Do signature-based antiviruses search for the exact matches of the signatures they have in their database with those of viruses to analyse ?
I ask this question because I wonder if it is the reason why I often read that signature-based only antiviruses are outdated.
I'd hope they don't. AV usually has several different scanning techniques and signature-based scanning being only one of them. I'd think there is some sort of a threshold in the most simple scenario, where we count the number of signatures that we know can be malicious. When counter reaches critical mass, executable is flagged. In real world I think it's much more complex than that. Someone familiar with Clam AV may give a better answer (you can look through the code as well)
If I were to write a virus, I'd embed mutation and obfuscation inside the body. Every time payload is executed the body of a virus mutates by so much that any previous signature would't work.
Alternatively one can use cryptography to encrypt the body. A new encryption round produces new random junk (unless one has a decryption key, which is usually distributed through random domains based on initial seed number and date).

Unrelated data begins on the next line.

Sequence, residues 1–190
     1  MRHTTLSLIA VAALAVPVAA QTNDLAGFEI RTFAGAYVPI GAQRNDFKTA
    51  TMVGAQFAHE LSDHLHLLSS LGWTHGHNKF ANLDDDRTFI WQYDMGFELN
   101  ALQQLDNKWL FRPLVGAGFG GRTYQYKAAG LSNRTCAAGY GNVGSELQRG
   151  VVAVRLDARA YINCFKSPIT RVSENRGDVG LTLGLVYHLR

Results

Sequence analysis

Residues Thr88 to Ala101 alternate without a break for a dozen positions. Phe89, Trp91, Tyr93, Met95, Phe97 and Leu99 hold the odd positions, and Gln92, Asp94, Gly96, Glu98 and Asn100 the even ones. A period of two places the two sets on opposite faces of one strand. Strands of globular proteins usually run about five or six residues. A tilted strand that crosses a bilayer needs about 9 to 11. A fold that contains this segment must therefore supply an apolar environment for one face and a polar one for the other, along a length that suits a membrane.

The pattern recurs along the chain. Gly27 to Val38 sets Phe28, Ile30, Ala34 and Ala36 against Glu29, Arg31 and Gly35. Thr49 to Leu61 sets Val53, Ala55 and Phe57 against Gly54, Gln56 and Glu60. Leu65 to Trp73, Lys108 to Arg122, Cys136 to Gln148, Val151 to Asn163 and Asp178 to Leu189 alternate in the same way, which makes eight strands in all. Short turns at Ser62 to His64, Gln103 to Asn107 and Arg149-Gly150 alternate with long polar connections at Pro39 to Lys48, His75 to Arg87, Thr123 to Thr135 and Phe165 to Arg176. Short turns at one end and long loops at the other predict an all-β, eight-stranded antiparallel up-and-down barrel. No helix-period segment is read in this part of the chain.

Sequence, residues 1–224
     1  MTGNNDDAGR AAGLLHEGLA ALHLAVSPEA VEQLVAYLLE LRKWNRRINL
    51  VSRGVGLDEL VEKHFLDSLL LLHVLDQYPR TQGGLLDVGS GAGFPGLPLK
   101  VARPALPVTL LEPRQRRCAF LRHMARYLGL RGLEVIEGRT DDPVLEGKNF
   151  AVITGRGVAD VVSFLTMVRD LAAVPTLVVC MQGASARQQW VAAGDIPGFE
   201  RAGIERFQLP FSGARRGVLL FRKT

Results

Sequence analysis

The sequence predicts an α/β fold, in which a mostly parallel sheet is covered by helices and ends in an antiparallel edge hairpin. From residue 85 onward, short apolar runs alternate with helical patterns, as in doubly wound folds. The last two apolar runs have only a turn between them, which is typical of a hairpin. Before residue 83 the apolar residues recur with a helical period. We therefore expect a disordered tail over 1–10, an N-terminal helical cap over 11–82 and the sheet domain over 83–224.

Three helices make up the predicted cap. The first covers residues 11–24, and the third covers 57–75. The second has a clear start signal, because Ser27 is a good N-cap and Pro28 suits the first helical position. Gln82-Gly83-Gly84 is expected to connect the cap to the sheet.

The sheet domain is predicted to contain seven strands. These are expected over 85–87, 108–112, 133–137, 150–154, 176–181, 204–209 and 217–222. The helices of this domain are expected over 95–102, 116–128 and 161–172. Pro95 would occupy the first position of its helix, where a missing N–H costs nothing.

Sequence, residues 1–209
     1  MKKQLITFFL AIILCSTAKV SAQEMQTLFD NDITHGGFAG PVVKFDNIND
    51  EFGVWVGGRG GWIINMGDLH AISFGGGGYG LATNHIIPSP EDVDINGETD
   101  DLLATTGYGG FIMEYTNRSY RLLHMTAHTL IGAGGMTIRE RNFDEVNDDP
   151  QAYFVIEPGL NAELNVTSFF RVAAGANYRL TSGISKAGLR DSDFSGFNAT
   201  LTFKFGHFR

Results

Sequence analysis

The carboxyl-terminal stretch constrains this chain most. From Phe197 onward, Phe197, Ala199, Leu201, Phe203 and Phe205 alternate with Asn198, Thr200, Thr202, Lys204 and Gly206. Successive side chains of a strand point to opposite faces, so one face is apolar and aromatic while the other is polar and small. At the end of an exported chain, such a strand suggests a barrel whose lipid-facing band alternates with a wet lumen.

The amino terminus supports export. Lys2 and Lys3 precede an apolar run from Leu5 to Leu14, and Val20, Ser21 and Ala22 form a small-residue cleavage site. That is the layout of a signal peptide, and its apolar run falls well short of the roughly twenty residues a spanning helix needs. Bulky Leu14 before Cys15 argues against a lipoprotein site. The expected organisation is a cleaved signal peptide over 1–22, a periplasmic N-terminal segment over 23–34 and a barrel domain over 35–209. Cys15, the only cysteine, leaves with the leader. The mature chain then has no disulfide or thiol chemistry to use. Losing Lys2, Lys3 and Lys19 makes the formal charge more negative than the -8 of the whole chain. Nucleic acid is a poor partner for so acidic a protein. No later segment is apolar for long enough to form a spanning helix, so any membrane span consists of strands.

Polymorphic viruses are most likely to be imune to any signature based approach.
Given how easy it is to make such viruses I am not surprised why people say signature-based AVs are outdated and ineffective.
There is not much you can do to prevent an AV signature set from getting outdated. Imagine you would want to create a piece of malware with the goal to infect as many people as possible. You certainly wouldn't want it to get detected by any virus scanners, do you? So what do you do? You let all virus scanners you can get run over your malware, see if they detect it, and when they do you modify and obfuscate your malware until they don't.
Now your malware is undetectable... until the AV scanners find out about it and update so they detect it again.
What do you do now? You get the updated virus scanners and again start to modify and obfuscate your malware until they again can't detect it anymore and you again set it free. Then the cycle repeats.
It's an endless cat- and mouse game between AV vendors and black hat hackers. Both have commercial interests. When one stops updating their product to outsmart the other, they would lose a very lucrative business.